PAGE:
- Xi Ye
Review - No Limits
Playing until 26th February 2023
Music and Lyrics: Sam Thomas
Director: Dean Johnson
Musical Director/Supervisor: Ella Ingram
Producer: Sam Caldwell (Paper House Productions)
First published in Everything Theatre
No Limits features over a dozen stories, each with its own unique song, and covers a range of narratives including love, aspirations, motherhood and myriad other major transitions in life. Irrespective of one’s personal experience, there is likely at least one story that will resonate.
The cast is formed of five exceptionally talented individuals, each bringing something unique to their roles, of which there are many given the number of stories covered. Even though the actors change after each story, the performers’ strengths are well aligned with the part they bring to life. This song cycle is refreshing as each piece is contained within itself and brings its own unique positivity before it moves on to the next. This way, energy levels are effortlessly kept high, where longer cohesive story telling approaches might require mindfulness to achieve the same result.
While there is no shortage of talent, Natalie May Paris is the standout performer. Whether in the role of an expectant mother or a wife that teams up with the mistress to punish her cheating husband, she instigates waves of applause with her sensational vocals, balanced with emotional acting in every scene. Similarly, Michael Mather and Mary Moore are both fantastic actors, with the capability to lead and support in the various mini stories. Moore in particular, with her expressiveness, is very well suited to and has a special proclivity for comedy. Owen Clayton and Hannah Lowther bring great individuality to their respective stories. Clayton sets a very high bar for the rest of the cast by giving the first solo of the show, “Headfuck”, which is hilarious and theatrical to the extreme. However, while he continues to provide extraordinary vocals for the remainder of the show, his posture at times appears somewhat contained and rigid, and I would have liked to see more open and expressive movements in certain parts of the story. While Lowther’s performance is enjoyable, there are times where the high notes appear at odds with the other actors who join the stage in the big musical numbers.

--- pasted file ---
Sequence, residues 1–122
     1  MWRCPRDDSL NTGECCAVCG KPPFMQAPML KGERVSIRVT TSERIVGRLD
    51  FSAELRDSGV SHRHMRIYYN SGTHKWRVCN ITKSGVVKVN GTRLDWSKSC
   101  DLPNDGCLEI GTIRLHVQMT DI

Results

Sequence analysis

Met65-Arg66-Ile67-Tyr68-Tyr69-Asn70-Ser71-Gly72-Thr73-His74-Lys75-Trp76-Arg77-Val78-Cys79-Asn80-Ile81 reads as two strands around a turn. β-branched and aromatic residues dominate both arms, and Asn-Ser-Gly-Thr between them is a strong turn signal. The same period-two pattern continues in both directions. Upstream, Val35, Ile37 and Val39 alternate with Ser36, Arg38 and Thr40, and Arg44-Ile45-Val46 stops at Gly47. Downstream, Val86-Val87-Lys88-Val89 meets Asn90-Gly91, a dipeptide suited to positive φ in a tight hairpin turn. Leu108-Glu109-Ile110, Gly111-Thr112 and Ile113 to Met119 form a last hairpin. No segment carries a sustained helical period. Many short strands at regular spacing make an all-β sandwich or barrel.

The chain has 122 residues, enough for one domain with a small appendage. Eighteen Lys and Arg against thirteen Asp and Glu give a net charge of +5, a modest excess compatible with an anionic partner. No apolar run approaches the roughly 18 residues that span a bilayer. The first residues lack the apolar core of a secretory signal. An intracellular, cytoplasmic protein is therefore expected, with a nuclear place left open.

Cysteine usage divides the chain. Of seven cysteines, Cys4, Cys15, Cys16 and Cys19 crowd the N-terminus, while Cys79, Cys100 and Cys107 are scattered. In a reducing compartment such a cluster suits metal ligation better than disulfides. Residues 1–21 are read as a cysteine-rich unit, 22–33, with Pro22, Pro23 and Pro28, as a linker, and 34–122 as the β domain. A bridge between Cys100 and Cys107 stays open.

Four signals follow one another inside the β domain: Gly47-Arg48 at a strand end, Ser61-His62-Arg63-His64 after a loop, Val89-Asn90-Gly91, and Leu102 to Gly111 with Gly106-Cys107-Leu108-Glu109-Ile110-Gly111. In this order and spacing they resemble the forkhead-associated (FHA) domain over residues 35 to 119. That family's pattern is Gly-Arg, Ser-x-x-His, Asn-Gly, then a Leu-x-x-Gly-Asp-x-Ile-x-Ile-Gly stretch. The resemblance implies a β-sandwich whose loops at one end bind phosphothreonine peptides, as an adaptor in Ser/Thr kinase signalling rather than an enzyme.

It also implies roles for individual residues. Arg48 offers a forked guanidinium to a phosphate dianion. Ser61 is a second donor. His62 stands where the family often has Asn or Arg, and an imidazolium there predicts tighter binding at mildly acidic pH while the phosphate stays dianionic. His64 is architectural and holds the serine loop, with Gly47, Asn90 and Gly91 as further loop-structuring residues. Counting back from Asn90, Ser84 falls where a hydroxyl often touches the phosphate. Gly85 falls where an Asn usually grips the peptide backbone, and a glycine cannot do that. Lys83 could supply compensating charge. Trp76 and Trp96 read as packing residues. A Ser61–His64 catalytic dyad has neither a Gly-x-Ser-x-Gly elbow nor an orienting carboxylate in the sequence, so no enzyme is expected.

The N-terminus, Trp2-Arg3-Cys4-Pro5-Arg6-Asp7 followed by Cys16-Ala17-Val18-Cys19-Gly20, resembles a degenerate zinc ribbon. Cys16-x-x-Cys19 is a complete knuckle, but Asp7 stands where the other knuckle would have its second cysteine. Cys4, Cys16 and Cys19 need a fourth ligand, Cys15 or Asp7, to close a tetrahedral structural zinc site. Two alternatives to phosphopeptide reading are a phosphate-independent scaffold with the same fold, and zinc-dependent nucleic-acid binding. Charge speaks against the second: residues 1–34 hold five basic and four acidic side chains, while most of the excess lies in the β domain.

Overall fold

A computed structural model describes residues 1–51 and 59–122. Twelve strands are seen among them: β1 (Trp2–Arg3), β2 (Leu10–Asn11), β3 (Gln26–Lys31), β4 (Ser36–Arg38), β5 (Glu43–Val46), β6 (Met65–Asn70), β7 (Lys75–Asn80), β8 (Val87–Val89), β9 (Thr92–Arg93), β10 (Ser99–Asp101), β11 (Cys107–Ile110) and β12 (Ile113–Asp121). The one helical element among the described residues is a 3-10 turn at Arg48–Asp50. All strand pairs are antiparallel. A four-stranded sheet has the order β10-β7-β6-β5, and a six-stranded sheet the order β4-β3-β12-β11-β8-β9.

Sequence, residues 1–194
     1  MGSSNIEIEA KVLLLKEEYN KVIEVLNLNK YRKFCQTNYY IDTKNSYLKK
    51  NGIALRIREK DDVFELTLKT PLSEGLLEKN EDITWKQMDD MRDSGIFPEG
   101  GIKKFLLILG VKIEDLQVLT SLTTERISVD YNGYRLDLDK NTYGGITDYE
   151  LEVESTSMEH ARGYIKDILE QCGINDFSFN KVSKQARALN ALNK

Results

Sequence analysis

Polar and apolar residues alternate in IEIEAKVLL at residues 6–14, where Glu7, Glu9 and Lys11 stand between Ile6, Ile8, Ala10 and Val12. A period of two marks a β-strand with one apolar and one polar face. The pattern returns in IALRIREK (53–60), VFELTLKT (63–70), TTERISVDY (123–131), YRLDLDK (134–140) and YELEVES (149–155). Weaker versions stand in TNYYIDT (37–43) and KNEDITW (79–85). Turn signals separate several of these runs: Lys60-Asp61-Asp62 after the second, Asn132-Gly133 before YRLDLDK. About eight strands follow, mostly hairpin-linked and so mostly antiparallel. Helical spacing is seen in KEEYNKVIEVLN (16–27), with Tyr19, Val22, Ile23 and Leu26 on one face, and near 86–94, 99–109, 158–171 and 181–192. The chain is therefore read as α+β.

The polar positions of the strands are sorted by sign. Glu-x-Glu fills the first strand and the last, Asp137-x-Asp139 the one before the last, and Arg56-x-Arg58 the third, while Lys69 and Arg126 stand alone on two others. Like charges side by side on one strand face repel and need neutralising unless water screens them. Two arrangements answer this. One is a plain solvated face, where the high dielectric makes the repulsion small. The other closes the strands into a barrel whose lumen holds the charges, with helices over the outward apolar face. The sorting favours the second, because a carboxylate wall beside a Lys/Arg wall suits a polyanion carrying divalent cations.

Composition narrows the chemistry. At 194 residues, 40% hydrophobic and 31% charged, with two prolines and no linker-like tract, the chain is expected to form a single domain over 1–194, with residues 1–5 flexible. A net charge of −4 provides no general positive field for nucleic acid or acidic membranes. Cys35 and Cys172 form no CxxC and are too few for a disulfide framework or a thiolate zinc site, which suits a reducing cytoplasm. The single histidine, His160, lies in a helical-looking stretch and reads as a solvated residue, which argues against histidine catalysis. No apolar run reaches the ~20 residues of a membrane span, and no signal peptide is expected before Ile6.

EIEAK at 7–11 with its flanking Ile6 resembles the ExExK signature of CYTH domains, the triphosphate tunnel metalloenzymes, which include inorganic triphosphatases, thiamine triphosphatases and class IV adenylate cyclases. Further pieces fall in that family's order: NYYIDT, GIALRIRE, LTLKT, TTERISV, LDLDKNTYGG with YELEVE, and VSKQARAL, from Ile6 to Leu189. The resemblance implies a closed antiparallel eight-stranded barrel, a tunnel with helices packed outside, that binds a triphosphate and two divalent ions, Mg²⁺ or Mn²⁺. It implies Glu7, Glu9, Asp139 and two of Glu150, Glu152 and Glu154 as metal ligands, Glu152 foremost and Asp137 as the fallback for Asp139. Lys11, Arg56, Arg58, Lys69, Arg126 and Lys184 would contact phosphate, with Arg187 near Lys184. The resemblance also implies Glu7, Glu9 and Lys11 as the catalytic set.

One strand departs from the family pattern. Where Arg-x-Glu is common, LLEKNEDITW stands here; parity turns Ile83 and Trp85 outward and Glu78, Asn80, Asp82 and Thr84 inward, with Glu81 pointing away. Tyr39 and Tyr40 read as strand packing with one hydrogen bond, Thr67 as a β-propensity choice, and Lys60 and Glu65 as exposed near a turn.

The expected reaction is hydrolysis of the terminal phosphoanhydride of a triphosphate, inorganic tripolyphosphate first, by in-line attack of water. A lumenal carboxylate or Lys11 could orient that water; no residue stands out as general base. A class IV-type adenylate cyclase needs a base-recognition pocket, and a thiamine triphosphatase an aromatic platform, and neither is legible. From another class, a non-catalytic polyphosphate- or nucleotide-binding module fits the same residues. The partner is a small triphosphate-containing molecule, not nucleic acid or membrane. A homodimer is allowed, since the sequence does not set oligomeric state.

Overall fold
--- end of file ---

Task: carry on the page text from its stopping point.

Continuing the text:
The stage direction and the music are both exceedingly well done. Director Dean Johnson along with Sam Thomas, who is responsible for the music and lyrics, join forces to devise a song order that generates an emotional rollercoaster. Rarely does an audience get consecutive purely feelgood numbers like this. It is also worth noting that the only occasions in which all five actors appear on stage at the same time are during the first and last songs of each Act. This is an excellent way to open and close, with a high degree of energy and bringing the individual actor’s talents together.
Set Designer Justin Williams has crafted a dynamic and flexible apartment space. The sofa bed is the only truly manoeuvrable piece, but smaller props such as cardboard moving boxes are moved on and off the stage to create some level of variation, or to facilitate transition between stories and the changeover of actors. Of note, there is a screen on stage left, displaying pictures, messages and social media posts to complement the narratives. This is generally used effectively. However, the positioning of a houseplant and some smaller boxes around the screen can partially obstruct the view of spectators sitting on the far right-hand side and also further back in the auditorium.
No Limits is a well-crafted and excellently staged song cycle, with each mini story designed to remind the audience of their own worth and value, irrespective of the stage of life they’re at, and that it is never too late to take another step forward. The vitality throughout the show is simply phenomenal and it is nothing short of a tsunami of positivity.